Applied Electrostatics & Electromagnetics

The Applied Electrostatics and Electromagnetics Research Group is the oldest one in the Department of Electrical and Computer Engineering, the University of Western Ontario (UWO). It involves two areas: applied electrostatics and electromagnetics, and in both areas this research group is internationally acclaimed. The record of achievements includes a large number of publications, many patents, three IEEE fellowships, two honorary doctorates, merit awards, a high level of research grants and numerous industrial contracts.

One part of this research group is organized in the Applied Electrostatics Research Centre (AERC), which is one of the few in the world specializing in the application of electrostatics to interdisciplinary problems. The members of the Centre cover all the engineering disciplines. The majority of the research activities undertaken have been primarily motivated by an interest in applying electric force phenomena to industrial and societal problems. Recent analytical and experimental studies focus on electrical charging of particles, modeling of electrostatic and electromagnetic fields, and solutions for problems ranging from agricultural spraying, to air pollution control with electrostatic precipitators, chemistry of electro ozonation, strengthening of clay foundations by dielectrophoretic extraction of water, through to methods for controlling electrostatic discharges. The other part of the group is interested in the general area of electromagnetics: this includes radio-wave propagation, radars and stochastic electromagnetics. Much of this work is also interdisciplinary and involves collaborative work with researchers in the Department of Physics.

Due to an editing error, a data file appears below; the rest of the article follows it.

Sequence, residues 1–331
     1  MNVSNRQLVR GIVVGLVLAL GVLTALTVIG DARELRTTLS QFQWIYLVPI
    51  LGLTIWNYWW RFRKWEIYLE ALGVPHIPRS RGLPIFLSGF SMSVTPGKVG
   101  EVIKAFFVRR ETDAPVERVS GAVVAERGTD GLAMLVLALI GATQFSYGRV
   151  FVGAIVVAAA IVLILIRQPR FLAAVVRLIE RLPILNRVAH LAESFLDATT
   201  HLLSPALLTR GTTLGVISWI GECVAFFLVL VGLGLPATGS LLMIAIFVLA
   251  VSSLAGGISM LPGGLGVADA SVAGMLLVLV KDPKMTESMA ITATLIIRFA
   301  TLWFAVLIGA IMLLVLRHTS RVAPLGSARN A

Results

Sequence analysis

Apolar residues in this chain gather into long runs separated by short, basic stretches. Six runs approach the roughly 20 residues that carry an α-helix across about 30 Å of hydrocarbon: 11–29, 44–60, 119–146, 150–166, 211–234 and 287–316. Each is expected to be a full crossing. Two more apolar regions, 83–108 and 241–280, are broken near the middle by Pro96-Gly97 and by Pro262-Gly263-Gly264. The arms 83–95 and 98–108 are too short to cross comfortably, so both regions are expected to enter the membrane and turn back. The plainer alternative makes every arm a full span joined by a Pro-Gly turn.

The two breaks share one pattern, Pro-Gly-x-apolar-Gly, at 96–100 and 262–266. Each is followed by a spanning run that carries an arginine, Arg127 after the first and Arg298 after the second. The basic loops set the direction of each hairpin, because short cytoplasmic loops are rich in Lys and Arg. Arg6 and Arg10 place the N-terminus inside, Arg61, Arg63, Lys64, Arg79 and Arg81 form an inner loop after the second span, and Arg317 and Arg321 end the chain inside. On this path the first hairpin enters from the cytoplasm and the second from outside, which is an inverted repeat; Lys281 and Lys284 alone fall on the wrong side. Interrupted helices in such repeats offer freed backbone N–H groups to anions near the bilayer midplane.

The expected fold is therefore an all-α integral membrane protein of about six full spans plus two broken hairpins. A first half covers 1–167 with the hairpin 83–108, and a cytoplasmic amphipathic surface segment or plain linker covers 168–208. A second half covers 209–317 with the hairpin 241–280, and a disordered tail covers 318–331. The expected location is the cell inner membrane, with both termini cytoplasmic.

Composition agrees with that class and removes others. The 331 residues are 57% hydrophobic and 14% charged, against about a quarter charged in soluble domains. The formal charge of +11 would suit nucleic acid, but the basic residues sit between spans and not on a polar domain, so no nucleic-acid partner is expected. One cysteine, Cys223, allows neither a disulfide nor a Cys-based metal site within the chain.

Applied Electrostatics

Electrostatic processes commonly occur in many industrial applications; often they can significantly improve the process quality. The group activity involves fundamental studies, practical developments and consulting services for the industrial partners. The AERC specializes also in the detection and prevention of electrostatic hazards. Different charging techniques have been investigated for small solid particles, liquid droplets and larger objects. These have included studies involving tribocharging, induction, conduction and corona charging. The charged objects can be then manipulated using the electric forces. The research concentrates on topics such as electrostatic painting and coating, plastic separation, electromechanics of particles, air cleaning, mineral separation, electrophotography and gas discharges. The electric fields can also affect the process of droplet formation and distribution, such as in the case of agricultural spraying, or initiate some chemical reactions, for example in generating ozone for water purification or treatment of flue gases.